If you didn’t eat at the track, consider dinner at a casino-hotel restaurant, where you can easily find your way to a blackjack table for a postprandial brandy. The 888 Las Vegas Buffet at the Sands Casino’s is worth checking out. The buffet offers more than 330 feet of Chinese, Japanese, Italian, Thai, and other food options, and it’s also a very good deal. The multicourse tasting menu is a good bet at the more expensive and romantic Robuchon a Galera, the French restaurant in the Hotel Lisboa.
Macau’s Lan Kwai Fong district (Av. Dr. Sun Yat-Sen, Edificio Vista Magnifica Court) is essentially a few bars on a small stretch of street in the New Reclamation Area. Unlike its rowdy Hong Kong namesake, this version is really just a bunch of nice, quiet bars where expats come to drink and relax. If you hop into a cab and tell the driver “Lan Kwai Fong,” he’ll have you here in 10 minutes or less — no matter where you are in Macau.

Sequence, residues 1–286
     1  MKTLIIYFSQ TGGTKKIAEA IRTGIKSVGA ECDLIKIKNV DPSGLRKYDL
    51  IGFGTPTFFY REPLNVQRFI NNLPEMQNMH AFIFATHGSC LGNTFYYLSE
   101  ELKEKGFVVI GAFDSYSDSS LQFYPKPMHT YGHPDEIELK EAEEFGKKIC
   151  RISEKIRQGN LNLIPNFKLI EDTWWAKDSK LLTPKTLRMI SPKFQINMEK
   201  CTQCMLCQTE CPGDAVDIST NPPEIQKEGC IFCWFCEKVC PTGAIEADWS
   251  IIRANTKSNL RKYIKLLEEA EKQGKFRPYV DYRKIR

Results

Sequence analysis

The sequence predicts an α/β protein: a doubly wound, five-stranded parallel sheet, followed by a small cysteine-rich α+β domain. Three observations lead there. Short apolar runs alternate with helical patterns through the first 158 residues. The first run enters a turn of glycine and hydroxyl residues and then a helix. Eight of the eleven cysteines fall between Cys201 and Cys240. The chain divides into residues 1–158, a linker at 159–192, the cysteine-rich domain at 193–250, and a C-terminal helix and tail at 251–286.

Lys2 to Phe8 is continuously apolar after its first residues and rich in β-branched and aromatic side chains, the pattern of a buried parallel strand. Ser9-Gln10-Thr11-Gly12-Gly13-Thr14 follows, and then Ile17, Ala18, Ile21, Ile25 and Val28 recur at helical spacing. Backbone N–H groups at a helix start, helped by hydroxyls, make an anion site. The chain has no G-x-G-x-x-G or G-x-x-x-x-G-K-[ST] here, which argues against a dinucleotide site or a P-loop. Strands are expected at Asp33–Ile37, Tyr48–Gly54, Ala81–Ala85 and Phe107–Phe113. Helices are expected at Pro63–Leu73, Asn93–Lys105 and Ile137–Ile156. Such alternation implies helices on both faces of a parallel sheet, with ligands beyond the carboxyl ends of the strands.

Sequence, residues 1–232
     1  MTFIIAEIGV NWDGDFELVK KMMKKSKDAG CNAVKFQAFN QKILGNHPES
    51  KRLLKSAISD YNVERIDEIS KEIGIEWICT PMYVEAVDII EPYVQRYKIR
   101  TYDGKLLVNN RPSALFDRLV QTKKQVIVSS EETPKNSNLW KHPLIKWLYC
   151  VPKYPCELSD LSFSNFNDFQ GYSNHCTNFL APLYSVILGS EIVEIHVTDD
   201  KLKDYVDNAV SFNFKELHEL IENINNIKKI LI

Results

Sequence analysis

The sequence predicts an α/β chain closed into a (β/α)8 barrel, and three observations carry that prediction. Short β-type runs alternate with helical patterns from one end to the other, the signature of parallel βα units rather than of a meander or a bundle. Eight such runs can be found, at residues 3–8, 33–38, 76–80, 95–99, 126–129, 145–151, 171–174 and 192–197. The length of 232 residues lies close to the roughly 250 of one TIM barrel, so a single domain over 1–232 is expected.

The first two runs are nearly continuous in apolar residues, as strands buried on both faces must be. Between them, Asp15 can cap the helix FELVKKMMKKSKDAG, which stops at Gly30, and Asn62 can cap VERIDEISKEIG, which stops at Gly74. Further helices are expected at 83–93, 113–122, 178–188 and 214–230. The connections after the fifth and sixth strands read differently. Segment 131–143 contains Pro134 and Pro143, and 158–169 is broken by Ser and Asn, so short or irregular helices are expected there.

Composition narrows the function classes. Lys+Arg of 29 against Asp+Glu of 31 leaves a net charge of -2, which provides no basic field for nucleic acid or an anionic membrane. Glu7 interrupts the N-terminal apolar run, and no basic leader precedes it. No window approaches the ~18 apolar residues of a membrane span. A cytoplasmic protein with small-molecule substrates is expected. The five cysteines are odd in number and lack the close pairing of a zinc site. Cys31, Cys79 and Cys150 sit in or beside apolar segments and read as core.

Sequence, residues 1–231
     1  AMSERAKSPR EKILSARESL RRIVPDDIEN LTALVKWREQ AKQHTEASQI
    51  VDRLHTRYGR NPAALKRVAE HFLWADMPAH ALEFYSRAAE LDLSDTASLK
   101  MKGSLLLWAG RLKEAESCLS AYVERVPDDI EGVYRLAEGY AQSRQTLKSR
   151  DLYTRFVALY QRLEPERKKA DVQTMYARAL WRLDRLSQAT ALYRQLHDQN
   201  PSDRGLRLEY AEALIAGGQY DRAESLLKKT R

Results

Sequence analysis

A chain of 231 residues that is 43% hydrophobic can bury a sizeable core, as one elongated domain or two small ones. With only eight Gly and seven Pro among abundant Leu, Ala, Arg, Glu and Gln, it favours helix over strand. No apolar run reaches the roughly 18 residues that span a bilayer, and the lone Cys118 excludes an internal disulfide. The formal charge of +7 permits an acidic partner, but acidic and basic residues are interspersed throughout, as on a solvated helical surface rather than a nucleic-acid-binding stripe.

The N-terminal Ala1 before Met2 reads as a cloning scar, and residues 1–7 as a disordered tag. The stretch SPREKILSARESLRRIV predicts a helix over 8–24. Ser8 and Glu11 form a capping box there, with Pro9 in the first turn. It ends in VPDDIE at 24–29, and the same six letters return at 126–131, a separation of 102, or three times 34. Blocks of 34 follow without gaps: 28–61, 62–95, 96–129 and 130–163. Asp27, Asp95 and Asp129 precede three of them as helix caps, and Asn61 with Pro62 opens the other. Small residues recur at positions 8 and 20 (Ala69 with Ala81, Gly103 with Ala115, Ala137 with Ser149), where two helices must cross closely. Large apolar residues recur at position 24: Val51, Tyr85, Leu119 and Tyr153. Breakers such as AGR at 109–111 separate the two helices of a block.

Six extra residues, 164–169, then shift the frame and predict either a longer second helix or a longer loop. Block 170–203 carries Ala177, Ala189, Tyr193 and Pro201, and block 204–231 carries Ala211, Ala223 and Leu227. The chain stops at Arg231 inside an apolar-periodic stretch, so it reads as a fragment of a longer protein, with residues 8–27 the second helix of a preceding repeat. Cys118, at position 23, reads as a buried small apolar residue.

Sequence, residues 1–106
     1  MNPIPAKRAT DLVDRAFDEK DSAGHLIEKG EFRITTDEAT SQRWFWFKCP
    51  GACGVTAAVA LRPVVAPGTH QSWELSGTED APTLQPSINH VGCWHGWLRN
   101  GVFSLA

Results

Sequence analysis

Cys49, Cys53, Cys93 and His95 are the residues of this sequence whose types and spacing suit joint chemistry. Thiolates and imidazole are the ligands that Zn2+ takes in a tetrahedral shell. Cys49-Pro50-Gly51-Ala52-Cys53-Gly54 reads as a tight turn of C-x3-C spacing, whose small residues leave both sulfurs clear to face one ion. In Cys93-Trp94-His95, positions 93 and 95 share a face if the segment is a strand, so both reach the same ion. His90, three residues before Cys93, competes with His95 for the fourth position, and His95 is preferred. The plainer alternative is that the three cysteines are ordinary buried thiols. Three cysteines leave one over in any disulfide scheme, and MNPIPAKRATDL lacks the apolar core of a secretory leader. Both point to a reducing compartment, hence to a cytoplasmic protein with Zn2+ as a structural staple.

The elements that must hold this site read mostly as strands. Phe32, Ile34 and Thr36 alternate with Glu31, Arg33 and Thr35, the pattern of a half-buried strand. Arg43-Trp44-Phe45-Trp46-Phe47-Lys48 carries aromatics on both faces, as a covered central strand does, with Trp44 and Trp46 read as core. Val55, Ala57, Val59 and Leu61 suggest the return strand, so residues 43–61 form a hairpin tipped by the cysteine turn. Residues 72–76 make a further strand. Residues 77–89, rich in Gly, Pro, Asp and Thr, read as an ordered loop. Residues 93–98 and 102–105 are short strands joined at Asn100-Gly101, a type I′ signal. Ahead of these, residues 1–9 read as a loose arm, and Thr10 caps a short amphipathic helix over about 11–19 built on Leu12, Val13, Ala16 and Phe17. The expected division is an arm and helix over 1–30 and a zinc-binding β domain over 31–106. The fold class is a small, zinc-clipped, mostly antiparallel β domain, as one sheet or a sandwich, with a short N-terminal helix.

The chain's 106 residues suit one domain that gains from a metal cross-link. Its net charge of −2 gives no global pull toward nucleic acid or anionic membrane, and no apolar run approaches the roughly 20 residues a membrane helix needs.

Visitor Information: The Macau Government Tourist Office (MGTO; www.macautourism.gov.mo) has branches in Hong Kong and at the ferry terminal in Macau.
Passports & Visas: To enter Macau, Americans, Canadians, European Union citizens, and others only need a valid passport for stays of up to 20 days.
Currency: The official currency is the pataca (abbreviated as MOP) with a fixed exchange rate of MOP$1.032 to HKD$1, roughly MOP$8 to US$1. Patacas come in 10, 20, 50, 100, 500, and 1000 MOP banknotes plus 1, 5, and 10 MOP coins. 1 pataca is divided into 100 avos and come in 10, 20, and 50 avos coins. That said, Hong Kong dollars are accepted on a 1:1 basis throughout Macau.
Language: Chinese and Portuguese are Macau’s official languages. Both Cantonese and Mandarin are widely spoken. English is often used in commerce, but relying on it will be frustrating outside of tourist areas and with most taxi drivers.
Travel Between Hong Kong & Macau: Ferries run every 15 minutes 24 hours a day with a reduced schedule from 1:30 a.m. to 7 a.m. The trip takes 55 minutes one way. Tickets run HK$142–HK$1,650, depending on class. Buses and cabs await you in Macau. You only need reservations on weekends. For more information contact Turbojet Tickets or First Ferry.
You can also reach Macau from Hong Kong via a 16-minute helicopter flight from Hong Kong’s Shun Tak Centre to the Macau Ferry Terminal. Click here for details.
Photo credits: (1-3) Courtesy of the Macau Tourism Bureau; (4) ©Istockphoto/ Stuart Dunn